- Associated Press - Thursday, March 13, 2014

BRUNSWICK, Ga. (AP) - The King is back in town, and he will be popping up around Brunswick in his white-studded suit the next several days.

In fact, it won’t be just the King, but the Kings, as the four-day Georgia Elvis Festival continues through Sunday. It kicked off Friday at Mary Ross Waterfront Park in Brunswick. The ultimate goal — along with a good time — is the crowning of the best Elvis Presley impersonator in Georgia.

Elvis tribute artists, as they call themselves, their personal followings and Elvis fans, in general, will again be staying at Glynn County motels, eating in its restaurants and shopping in its stores.

The reprise performance after the past year’s gathering in Brunswick, business owners and tourism managers are hoping, will be, as Elvis sang 60 years ago, “Good Rockin’ Tonight.”

“Certainly, we have a lot of folks that come in from out of town, and it’s an impressive roster of folks that come from really all over to join this festival,” said Scott McQuade, executive director of the Golden Isles Convention and Visitors Bureau.

“We not only get the benefit of visitors coming to our area and getting familiar with it, but they bring friends, family and others along.”

McQuade considers the past year’s festival to have been quite successful as an inaugural event, and anticipates this year’s to be as popular, if not more so.

“It’s probably not at the stage where it creates a tidal wave (of attendance) yet, but it creates a ripple, and that’s how things get started. The more unique an event, the more opportunity you have to draw people to it,” McQuade said.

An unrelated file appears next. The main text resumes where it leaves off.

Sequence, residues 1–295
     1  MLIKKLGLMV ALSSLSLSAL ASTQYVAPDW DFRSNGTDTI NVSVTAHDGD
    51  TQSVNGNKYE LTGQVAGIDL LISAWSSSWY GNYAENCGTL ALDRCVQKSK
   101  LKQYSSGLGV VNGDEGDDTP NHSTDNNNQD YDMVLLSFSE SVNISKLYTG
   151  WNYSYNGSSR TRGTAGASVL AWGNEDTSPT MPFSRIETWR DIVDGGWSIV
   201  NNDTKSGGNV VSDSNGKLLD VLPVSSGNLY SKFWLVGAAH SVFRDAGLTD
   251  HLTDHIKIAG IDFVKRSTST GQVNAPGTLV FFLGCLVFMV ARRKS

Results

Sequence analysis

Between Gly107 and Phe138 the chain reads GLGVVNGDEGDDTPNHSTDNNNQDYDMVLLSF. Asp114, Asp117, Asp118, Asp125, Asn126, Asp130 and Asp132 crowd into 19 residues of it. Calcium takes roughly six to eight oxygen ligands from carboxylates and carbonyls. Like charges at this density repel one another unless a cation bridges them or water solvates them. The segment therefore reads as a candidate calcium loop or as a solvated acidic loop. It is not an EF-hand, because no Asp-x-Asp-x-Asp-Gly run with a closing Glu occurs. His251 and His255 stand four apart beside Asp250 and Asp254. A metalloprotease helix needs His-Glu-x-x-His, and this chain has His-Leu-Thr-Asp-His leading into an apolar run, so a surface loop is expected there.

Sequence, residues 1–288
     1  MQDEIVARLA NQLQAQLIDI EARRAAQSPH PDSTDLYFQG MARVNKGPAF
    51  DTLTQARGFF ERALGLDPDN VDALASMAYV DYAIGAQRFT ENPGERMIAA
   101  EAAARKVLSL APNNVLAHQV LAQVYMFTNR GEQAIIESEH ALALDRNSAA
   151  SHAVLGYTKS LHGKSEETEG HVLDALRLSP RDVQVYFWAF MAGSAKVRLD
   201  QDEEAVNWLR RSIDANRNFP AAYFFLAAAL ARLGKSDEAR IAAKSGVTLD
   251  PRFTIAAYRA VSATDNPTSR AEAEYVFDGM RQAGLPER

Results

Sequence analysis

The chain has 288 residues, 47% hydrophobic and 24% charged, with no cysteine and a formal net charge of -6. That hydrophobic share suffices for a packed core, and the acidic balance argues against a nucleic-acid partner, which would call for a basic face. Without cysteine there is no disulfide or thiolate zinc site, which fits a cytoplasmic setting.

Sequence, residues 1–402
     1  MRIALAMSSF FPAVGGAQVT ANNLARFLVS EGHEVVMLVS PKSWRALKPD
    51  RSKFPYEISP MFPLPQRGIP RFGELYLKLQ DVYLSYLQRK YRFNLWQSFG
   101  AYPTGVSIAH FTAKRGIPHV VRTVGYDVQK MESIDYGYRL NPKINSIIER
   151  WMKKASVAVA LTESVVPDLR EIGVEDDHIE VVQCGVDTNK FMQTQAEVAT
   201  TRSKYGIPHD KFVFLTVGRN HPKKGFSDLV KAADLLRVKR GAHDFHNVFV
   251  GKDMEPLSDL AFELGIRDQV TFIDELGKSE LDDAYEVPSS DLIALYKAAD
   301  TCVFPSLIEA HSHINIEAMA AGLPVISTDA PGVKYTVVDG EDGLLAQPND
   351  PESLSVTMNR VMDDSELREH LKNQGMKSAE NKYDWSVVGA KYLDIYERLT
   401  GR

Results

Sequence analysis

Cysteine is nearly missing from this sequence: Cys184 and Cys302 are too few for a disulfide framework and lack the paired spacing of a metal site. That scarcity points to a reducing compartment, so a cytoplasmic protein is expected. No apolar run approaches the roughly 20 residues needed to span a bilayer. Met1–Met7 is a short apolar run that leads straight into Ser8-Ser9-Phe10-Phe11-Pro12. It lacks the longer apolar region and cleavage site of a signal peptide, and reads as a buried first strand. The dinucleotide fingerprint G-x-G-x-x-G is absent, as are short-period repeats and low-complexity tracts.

“This is not something you find in every community. It certainly creates a great event that draws people to Brunswick and the downtown area.”

Downtown shop and restaurant managers are ready, said Mathew Hill, executive director of the Brunswick Downtown Development Authority.

Even though visitors will be here to see Elvis tribute artists perform his hit songs, Hill says they will be introduced to much more.

“It brings all those people downtown. They’re going to eat and shop, and it draws new people to town who may have never been here,” he said.

If this year’s festival matches the crowds and good vibes of the previous one, Hill and McQuade are hoping it will return again next year.

“I think it has a certain uniqueness that gets people’s attention,” McQuade said. “The more things that make you feel distinctive or different, that’s what people are looking for - they’re looking for places to travel that have character.”


Information from: The Brunswick News, https://www.thebrunswicknews.com

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